I think music, on this album, was good and still in the right style of MGP. The problem was about the words, and the way I sung. The producer (who vanished in the air at the end of recording…) insisted to make me sing very much, and in French ! Even rock themes sound like “variety”.
Then there was a long break. What were you up to during these twenty six years ?
I ever worked in music. To get money, I wrote music for advertising, theater and films. This allowed me to buy many intruments and to get my own studio. I always fell “free”to write my music, and always interested by mixing music and visual.
ReMoving from 2006
It took me a long time to accept this kind of failure about the “Moving” album. I had to find enough strengh and courage to start again for making a new group. And I was beginning to get used working alone. But a friend of mine was still saying: “why don’t you make it again ?” He knew a good keyboards player (Stephane), very interested in the project. The sax of Moving was still waiting for (Jean), since 26 years, and I got a real good drummer (Eric). I knew the guitarist (Maxime) since a long time. And an other friend (Anton) was interested to play cello. I thought it was a good idea, adding a violin, and we met Julien. We were very glad to make this album, and many people find it good. But we didn’t found enough gigs. It’s very difficult to get a 7 members group, above all playing progressive…We had too many economical and organization troubles to keep the group alive in this way.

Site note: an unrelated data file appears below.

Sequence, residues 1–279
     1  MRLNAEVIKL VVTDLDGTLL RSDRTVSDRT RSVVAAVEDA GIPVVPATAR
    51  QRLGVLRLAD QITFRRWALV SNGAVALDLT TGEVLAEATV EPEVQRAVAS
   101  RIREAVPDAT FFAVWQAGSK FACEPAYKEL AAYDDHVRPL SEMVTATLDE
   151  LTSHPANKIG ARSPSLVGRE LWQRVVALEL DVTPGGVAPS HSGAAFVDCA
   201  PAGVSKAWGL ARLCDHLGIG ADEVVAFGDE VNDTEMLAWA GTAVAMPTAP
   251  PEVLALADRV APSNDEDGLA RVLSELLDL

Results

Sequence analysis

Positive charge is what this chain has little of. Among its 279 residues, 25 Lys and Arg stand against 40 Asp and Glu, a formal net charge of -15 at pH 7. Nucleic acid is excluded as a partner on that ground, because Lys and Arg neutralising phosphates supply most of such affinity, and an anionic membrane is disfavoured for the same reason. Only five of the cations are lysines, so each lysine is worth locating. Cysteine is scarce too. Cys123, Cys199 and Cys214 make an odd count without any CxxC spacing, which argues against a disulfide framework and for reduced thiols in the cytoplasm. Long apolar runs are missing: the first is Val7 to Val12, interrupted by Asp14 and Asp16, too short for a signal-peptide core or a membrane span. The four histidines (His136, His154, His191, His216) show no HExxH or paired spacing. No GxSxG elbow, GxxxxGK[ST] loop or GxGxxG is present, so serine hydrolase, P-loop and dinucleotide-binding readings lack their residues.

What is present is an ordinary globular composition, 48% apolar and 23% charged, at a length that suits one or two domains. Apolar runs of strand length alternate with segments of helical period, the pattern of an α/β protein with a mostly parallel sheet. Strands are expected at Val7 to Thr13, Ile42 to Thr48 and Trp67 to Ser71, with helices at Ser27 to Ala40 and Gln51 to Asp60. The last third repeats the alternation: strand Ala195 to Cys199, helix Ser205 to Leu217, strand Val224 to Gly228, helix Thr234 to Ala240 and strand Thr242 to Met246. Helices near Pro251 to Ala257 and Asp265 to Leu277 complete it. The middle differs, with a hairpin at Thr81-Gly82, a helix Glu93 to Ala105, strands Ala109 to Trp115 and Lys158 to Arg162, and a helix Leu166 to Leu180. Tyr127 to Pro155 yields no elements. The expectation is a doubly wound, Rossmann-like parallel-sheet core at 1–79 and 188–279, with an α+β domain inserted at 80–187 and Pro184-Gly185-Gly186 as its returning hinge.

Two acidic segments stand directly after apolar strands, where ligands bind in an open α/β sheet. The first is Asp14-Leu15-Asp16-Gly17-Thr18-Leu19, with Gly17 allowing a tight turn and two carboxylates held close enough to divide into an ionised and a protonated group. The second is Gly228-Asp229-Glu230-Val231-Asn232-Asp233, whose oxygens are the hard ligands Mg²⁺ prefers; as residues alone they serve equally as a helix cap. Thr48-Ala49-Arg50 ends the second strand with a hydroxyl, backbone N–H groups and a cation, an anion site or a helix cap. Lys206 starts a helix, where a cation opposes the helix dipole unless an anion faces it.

For those of us unknown with your music; how would you describe you music and which bands would you compare yourself with ?
It’s always difficult to describe precisely our own music. Some think it’s Rock, others think it’s jazz. The best definition, I think, is “Chamber rock”. But I don’t like much “stickers”. The best is to hear…
You and Moving Gelatine Plates has been around almost since the beginning of time. What is in your view the biggest changes for your band since the 1970s ?
Yes, I founded MGP with Gérard Bertram in 1968, I was 16 ! It was a dream for us, to play in festivals with Pink Floyd, Frank Zappa… In this time, things looked very easy, for we were making things without thinking too much. The different groups have kept the same spirit. At least, I hope so for music. In the way of writing and harmonizing, rythmic breaks and “strange” bars. But I think, more and more, we are developing themes, and we try to make things more “purified”. It’s often easier to make a complicated music than a simple one !
ReMoving was released five years ago. You have changed name to Laborator and slimmed down to a trio. An album is set for a release through Musea. Is this the end of Moving Gelatine Plates ? What is your future plans ?
Some peoples say that progressive music must be in 70th spirit. They’re still living in nostalgy. I think that “The times, they’re a changin’”, like sung Bob Dylan. And we must not be limited in any way. It’s the reason why, we called the new group “LABORATOR”. We thought to keep “MGP”, and get “Laborator” as the title of the new album. But we wish to be opened to a new public. A trio sounds different. And I’m sure that, in this way, we get a new energy. I hope you will like it…
Thank you to Didier for this interview
Their PA profile is here and Laborator's homepage is here
(and let me quickly add that their first two albums is great albums)